Farina Mir

The Punjabi Literary Formation: Language and Affect in a Vernacular Culture

This talk explores the contours of a colonial-era “Punjabi literary formation” in India, by which I mean those individuals who shared in the practices of producing, circulating, performing, and consuming Punjabi literary texts. I argue that the Punjabi literary formation’s pragmatic engagements with colonial institutions were far less important than the affective attachments its adherents established with a place, with an old but dynamic corpus of stories, and with the moral sensibility that suffused those stories. The talk will first address the peculiar relationship forged between the colonial state and Punjabi language and literature. On the one hand, the state recognized Punjabi as the sacred language of the Sikhs, while on the other hand it actively worked to replace Punjabi with Urdu as the Punjab’s vernacular language. I will conclude with a consideration of how the Punjabi literary formation established affective ties with a spatial milieu whose imaginative co-ordinates differed from those addressed by nationalist activists at the time.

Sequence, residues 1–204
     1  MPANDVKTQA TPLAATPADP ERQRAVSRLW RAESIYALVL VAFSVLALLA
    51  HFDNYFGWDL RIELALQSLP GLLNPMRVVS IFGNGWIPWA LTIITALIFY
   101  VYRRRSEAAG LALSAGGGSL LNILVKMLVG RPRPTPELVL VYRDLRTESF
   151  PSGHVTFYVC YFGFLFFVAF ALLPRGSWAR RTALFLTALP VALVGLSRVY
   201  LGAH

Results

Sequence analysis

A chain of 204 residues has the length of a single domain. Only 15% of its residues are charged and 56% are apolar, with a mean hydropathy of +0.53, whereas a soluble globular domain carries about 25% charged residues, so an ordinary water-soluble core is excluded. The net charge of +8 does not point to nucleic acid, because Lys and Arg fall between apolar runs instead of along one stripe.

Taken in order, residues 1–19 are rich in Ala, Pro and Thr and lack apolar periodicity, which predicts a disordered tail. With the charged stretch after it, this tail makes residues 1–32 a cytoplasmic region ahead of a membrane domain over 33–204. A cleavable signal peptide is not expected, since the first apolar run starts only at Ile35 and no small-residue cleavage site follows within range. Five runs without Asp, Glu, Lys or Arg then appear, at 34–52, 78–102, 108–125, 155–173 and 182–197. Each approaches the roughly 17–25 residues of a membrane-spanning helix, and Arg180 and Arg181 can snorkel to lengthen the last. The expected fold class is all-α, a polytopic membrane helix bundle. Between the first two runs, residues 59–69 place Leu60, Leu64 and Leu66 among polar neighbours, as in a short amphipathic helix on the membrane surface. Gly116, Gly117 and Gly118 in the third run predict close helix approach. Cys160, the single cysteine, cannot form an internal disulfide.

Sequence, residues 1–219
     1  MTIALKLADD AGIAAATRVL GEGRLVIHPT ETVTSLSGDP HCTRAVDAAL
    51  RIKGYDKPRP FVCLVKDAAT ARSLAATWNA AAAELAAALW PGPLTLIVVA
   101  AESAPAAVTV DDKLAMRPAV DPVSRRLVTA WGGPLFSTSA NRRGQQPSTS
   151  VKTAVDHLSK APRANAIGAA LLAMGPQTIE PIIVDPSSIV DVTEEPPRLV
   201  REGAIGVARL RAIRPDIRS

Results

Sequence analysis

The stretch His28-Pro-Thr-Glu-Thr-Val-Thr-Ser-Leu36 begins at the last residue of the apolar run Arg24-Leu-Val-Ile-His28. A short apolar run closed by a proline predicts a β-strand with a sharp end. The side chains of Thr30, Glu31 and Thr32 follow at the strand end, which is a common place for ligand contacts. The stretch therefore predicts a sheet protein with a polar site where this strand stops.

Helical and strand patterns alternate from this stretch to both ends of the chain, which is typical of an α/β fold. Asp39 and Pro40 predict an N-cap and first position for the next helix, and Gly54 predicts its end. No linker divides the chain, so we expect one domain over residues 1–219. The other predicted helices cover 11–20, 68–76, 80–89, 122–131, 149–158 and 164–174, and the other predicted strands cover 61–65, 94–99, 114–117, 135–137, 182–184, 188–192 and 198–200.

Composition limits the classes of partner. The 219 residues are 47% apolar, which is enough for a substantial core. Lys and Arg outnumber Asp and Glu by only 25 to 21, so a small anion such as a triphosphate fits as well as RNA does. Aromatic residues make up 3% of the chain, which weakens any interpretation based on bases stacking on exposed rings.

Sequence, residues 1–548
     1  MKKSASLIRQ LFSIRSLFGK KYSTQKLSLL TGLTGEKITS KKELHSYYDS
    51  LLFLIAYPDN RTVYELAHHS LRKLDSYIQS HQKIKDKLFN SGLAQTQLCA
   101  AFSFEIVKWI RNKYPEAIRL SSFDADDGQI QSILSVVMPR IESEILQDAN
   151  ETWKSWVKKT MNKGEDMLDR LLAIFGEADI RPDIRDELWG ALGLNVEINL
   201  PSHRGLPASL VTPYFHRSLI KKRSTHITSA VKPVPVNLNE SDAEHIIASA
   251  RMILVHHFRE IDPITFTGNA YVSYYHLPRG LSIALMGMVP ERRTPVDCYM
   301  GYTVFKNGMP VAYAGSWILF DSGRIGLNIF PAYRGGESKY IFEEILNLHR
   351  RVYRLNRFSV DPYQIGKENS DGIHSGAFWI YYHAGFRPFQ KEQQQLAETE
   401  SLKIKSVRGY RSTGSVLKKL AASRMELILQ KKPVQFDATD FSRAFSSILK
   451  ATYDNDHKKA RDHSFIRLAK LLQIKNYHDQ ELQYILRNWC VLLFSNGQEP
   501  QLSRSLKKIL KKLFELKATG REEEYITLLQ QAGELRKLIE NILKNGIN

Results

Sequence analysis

Farina Mir holds degrees in English and Asian & Middle Eastern Cultures from  Barnard College (B.A., 1993) and in History from Columbia University (Ph.D., 2002). Trained as a historian of colonial and postcolonial South Asia, her research has focused on the social, cultural, and religious history of latecolonial north India. Her forthcoming book, The Social Space of Language: Vernacular Culture in British Colonial Punjab is a study of the Punjabi language and its literature under colonialism (from 1849–1947), with a
particular focus on qisse, or epic stories/romances. Mir has published in Comparative Studies in Society and History and the Indian Economic and Social History Review, and has been the recipient of fellowships from the Social Science Research Council, the Fulbright Program, the American Institute of Pakistan Studies, the Ford Foundation, and the Whiting Foundation. She is currently an Assistant Professor of history at the University of Michigan, where she teaches courses on early modern and modern South Asia.